The ASN Filter Designer provides engineers with everything they need in order to port legacy analog filter designs to a variety of Cortex-M processor cores.

The FilterScript symbolic math scripting language offers designers the ability to take an existing analog filter transfer function and transform it to digital (via the Bilinear z-transform or matched z-transform) with just a few lines of code.

The Arm automatic code generator analyses the designed digital filter and then automatically generates Arm CMSIS-DSP compliant C code suitable for direct implementation on a Cortex-M based microcontroller.

Extra resources

  1. Step by step video tutorial of designing an IIR and deploying it to Keil MDK uVision.
  2. Implementing Biquad IIR filters with the ASN Filter Designer and the Arm CMSIS-DSP software framework (ASN-AN025)
  3. Keil MDK uVision example IIR filter project

 

 

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Converting analog filters into their digital equivalents

Upgrading legacy designs based on analog filters

Analog filters have been around since the beginning of electronics, ranging from simple inductor-capacitor networks to more advanced active filters with op-amps. As such, there is a rich collection of tried and tested legacy filter designs for a broad range of sensor measurement applications. However, with the performance requirements of modern IoT (Internet of Things) sensor measurement applications and lower product costs, digital filters integrated into the microcontroller’s application code are becoming the norm, but how can we get the best of both worlds?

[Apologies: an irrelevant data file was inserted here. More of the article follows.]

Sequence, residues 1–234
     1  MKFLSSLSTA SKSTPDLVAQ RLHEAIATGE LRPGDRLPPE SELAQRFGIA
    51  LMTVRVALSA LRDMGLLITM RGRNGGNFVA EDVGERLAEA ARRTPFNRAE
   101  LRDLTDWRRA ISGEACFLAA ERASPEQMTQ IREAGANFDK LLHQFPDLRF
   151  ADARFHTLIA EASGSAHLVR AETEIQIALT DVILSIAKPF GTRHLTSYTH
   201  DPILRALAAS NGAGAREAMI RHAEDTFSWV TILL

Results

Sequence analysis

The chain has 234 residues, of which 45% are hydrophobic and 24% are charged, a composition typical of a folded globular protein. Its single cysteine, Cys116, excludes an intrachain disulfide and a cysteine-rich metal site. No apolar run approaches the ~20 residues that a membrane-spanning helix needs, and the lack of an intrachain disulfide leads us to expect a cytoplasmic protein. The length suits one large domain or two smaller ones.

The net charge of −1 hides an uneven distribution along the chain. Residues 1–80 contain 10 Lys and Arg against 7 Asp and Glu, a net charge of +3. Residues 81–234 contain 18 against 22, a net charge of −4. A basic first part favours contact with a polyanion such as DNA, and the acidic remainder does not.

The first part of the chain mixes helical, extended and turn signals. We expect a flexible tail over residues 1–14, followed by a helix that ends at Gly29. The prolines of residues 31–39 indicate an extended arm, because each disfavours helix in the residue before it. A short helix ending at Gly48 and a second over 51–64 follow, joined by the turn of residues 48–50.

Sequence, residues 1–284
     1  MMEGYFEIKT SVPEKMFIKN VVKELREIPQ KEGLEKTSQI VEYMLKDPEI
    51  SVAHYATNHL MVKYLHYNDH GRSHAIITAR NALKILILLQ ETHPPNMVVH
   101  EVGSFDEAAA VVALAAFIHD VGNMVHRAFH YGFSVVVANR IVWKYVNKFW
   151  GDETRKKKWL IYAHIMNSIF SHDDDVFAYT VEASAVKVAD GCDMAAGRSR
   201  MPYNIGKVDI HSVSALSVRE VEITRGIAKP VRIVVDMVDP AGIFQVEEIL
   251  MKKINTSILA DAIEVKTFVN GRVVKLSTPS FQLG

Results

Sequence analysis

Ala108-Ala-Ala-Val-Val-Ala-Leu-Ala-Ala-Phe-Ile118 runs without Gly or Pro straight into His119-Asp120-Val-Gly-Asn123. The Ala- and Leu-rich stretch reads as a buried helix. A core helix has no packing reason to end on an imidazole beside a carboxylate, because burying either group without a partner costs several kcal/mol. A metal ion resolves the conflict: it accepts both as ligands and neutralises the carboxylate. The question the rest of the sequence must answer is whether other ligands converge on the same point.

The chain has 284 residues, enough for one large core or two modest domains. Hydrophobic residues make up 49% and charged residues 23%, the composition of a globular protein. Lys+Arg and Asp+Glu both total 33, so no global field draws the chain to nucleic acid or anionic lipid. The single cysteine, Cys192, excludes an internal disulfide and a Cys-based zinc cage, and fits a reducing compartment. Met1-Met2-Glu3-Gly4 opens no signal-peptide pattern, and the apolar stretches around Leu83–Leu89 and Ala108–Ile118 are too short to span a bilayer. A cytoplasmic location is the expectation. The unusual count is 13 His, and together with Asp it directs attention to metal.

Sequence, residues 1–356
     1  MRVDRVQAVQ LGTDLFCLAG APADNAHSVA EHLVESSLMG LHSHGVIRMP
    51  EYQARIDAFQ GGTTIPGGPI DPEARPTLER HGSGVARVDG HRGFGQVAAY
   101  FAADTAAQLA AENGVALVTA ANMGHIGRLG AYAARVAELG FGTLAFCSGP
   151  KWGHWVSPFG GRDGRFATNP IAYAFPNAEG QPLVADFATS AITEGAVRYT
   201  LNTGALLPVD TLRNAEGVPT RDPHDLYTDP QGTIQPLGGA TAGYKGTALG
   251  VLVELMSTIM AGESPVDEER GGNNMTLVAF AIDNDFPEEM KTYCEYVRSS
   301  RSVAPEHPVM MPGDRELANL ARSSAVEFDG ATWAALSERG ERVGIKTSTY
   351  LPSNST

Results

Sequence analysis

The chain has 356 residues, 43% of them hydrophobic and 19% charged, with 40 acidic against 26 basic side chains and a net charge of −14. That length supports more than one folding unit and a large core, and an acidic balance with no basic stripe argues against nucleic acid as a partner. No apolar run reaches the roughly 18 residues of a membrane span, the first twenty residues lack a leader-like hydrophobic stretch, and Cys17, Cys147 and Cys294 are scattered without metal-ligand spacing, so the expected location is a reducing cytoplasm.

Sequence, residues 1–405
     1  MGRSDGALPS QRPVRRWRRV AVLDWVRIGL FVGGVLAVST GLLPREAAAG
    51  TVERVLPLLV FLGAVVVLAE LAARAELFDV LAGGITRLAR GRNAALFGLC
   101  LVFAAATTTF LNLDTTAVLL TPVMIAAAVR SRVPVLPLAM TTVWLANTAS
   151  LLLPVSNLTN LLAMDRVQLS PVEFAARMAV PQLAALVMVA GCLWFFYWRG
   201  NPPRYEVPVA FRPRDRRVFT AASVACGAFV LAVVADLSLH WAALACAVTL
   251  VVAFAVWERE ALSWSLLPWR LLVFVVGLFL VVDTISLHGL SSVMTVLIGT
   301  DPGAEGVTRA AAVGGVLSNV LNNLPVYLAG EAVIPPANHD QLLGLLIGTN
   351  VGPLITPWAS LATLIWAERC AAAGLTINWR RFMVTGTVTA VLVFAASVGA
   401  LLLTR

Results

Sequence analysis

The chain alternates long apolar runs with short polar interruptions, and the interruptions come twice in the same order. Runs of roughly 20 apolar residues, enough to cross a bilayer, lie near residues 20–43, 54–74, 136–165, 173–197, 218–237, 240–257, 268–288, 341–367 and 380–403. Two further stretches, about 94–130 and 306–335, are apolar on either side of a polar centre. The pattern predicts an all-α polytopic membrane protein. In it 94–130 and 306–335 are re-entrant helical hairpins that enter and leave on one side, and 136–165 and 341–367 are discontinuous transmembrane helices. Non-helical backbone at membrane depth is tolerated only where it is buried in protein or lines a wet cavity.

Rather than re-inventing the wheel, product designers can take an existing analog filter transfer function, transform it to digital (via a transform) and implement it as digital filter in a microcontroller or DSP (digital signal processor). Although  analog-to-digital transforms have been around for decades, the availability of DSP design tooling for tweaking the ‘transformed digital filter’ has been somewhat limited, hindering the design and validation process.